Chromatin, the physical packaging of eukaryotic chromosomes, plays a major role in determining the patterns of gene silencing and expression across the genome. The active reorganization of chromatin structure, critical for gene regulation, is achieved by ATP-dependent machines called chromatin remodelers, which disassemble, slide, and reassemble nucleosomes on DNA. Disruptions in chromatin remodeler function perturb gene expression and have been directly linked with a number of cancers and developmental disorders. At present, it is not understood at a molecular level how remodelers reposition and reorganize nucleosomes, and what factors give rise to particular biochemical characteristics of remodelers. This proposal aims to uncover how different domains of the Chd1 remodeler participate in the nucleosome sliding reaction. X-ray crystallography will be used to visualize both the central ATPase motor as well as the C-terminal DNA-binding domain in complex with DNA substrates, which will reveal how remodelers recognize and distort duplex DNA. The contributions of the Chd1 DNA-binding domain to the speed, spacing, and direction of nucleosome sliding will be determined with Chd1 variants that have modified binding domains and/or variations in the linking segment to the ATPase motor. The ATPase motor is regulated by a pair of N-terminal chromodomains, which appear to enhance substrate specificity of the remodeler. Rapid kinetic analyses of nucleosome sliding reactions using stopped flow FRET will be used to identify stage(s) in the nucleosome sliding cycle affected by ATPase regulation. The results of this research will advance our understanding of how chromatin remodelers work and select their substrates, which are essential steps for interpreting changes in chromatin landscapes between healthy and diseased cells.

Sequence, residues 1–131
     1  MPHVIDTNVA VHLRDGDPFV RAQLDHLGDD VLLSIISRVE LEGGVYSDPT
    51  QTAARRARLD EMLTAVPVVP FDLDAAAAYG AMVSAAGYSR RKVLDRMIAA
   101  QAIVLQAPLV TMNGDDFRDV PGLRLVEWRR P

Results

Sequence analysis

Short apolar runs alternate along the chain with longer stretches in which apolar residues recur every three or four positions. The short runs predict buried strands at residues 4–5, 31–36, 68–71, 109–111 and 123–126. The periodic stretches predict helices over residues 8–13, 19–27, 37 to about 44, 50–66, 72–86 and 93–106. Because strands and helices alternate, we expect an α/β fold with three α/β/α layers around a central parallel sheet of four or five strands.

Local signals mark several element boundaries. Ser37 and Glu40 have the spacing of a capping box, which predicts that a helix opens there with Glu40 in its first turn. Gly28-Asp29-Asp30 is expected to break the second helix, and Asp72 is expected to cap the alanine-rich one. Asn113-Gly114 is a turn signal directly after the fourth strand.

Public Health Relevance

The proper packaging of DNA into chromosomes is vitally important for normal cell growth and survival, and disruption of factors that organize chromosomes lead to many types of developmental diseases and cancer. Understanding how these organizing factors carry out their tasks is essential for identifying how cells are transformed to diseased states.

Agency
National Institute of Health (NIH)
Institute
National Institute of General Medical Sciences (NIGMS)
Type
Research Project (R01)
Project #
5R01GM084192-07
Application #
8727583
Study Section
Macromolecular Structure and Function B Study Section (MSFB)
Program Officer
Preusch, Peter
Project Start
2008-04-01
Project End
2017-04-30
Budget Start
2014-05-01
Budget End
2015-04-30
Support Year
7
Fiscal Year
2014
Total Cost
$294,003
Indirect Cost
$104,003
Name
Johns Hopkins University
Department
Physiology
Type
Schools of Arts and Sciences
DUNS #
001910777
City
Baltimore
State
MD
Country
United States
Zip Code
21218
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Nodelman, Ilana M; Horvath, Kyle C; Levendosky, Robert F et al. (2016) The Chd1 chromatin remodeler can sense both entry and exit sides of the nucleosome. Nucleic Acids Res 44:7580-91
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Hauk, Glenn; Bowman, Gregory D (2015) Formation of a Trimeric Xpo1-Ran[GTP]-Ded1 Exportin Complex Modulates ATPase and Helicase Activities of Ded1. PLoS One 10:e0131690
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Nodelman, Ilana M; Bowman, Gregory D (2013) Nucleosome sliding by Chd1 does not require rigid coupling between DNA-binding and ATPase domains. EMBO Rep 14:1098-103

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